Udi is talking about some of the advantages of using spaces, tha ability to extend an existing infrastructure at runtime, simply by adding new clients and new tasks to a running grid/space. The idea is that there is an existing set of servers, which handles tasks from several queues. This separation of the servers that does the work from the clients that request is means that you can register new types of tasks and they will be handled automatically.
He also mentions a technological difference between Java and .Net. Apperantly, Jini on Java is capable of handling uknown types automatically, by downloading their byte code and dependencies. On the .Net side of things, we have no such facility built in, and if we would try to deserialize a task of an uknown type, we would get a serialization exception.
This difference pushed Udi to use a different style for this, instead of tasks that contains both behavior and data, use messages on the queue, and deploy message handlers to the servers. Personally, I like the zero deploy scenario, and I think that I like the idea of a task that encompass both data and behavior.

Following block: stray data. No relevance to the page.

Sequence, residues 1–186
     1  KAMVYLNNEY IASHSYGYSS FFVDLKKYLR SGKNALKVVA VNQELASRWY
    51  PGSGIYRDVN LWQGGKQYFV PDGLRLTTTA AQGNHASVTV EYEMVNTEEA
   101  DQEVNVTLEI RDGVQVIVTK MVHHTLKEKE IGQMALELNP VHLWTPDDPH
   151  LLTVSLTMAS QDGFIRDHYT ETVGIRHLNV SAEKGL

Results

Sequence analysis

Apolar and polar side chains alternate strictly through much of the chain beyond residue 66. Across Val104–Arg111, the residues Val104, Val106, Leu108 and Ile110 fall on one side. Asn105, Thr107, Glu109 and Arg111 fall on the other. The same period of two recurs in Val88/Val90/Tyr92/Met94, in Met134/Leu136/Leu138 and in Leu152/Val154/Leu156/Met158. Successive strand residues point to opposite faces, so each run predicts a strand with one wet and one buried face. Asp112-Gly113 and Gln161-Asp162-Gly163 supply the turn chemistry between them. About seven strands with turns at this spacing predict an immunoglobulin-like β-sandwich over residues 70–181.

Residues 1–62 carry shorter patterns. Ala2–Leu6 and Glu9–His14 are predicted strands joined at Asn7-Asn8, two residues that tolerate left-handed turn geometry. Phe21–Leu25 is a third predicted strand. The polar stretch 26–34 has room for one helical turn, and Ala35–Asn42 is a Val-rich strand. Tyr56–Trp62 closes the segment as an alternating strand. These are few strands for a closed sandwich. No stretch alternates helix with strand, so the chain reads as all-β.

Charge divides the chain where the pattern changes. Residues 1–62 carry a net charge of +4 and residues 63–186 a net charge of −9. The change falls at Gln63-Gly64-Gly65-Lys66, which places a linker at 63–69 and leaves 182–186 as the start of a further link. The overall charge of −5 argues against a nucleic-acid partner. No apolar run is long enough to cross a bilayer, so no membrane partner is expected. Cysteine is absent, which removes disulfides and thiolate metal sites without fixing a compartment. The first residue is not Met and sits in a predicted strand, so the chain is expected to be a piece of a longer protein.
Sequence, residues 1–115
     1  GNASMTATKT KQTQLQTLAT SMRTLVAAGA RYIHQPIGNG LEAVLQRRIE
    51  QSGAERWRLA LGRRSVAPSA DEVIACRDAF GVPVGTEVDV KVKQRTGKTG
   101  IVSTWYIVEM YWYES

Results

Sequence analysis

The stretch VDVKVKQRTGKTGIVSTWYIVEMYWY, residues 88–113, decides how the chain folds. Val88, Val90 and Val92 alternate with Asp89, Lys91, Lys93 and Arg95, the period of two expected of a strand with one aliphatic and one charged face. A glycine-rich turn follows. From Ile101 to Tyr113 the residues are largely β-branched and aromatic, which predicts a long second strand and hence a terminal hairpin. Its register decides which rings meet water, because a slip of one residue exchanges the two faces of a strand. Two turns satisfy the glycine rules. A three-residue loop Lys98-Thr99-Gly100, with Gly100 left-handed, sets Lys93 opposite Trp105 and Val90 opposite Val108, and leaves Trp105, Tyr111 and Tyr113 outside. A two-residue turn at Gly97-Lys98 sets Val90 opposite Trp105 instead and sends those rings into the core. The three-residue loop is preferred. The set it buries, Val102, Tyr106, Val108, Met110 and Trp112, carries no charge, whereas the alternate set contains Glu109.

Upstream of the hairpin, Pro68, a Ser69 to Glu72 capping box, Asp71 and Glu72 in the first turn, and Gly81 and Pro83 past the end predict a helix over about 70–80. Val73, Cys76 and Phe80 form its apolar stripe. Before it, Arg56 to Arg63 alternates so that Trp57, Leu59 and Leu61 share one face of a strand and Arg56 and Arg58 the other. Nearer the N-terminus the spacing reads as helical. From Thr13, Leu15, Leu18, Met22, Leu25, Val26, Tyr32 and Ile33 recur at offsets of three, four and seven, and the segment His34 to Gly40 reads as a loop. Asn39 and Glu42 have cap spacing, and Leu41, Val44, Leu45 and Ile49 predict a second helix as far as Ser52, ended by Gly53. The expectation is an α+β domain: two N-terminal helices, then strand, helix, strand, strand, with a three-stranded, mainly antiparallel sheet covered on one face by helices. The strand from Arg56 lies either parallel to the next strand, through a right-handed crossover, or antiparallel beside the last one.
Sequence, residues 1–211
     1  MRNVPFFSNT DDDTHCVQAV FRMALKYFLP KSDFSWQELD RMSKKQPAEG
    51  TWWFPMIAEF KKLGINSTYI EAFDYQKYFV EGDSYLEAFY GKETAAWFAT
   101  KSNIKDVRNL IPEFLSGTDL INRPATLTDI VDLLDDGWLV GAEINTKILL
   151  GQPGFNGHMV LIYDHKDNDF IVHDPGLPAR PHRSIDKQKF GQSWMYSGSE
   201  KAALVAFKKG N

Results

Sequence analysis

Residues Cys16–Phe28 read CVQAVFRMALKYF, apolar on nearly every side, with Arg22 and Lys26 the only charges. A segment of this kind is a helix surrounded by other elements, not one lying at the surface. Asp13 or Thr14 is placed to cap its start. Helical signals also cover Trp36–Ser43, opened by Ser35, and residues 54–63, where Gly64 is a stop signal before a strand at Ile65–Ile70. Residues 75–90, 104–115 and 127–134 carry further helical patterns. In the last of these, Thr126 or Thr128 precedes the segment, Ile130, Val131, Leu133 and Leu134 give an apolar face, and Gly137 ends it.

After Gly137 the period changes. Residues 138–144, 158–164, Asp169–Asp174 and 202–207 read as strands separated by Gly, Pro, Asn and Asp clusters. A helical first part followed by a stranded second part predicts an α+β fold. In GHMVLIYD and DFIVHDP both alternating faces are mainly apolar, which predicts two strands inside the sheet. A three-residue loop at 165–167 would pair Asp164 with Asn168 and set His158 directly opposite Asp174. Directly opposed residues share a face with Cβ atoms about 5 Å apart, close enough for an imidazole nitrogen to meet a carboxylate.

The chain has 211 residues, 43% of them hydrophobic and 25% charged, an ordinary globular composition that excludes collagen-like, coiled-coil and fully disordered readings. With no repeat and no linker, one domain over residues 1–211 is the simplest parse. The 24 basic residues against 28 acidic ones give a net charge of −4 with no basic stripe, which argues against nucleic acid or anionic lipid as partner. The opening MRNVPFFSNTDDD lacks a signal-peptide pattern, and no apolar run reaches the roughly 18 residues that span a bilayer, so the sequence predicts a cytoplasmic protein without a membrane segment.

I have given to the issue of deploying some thought, and since we have strong versioning for .Net assemblies, it is really a matter of finding out what the assembly qualified name of the task is, and then go to a central server that has it if the server doesn't have it already. A nice advantage of this scheme is that you get the ability to handle versioning of tasks pertty much out of the box.
One thing that I am not so sure of is separation of clients from the decision process. That is, while a client may want to start the SendOrder process, is it really the responsability of the client to put a SendOrderUsingFedExTask on the queue? This seems like too much responsability, so maybe using messages here is preferred. Again, you can request message hanlders automatically, so you still get that benefit.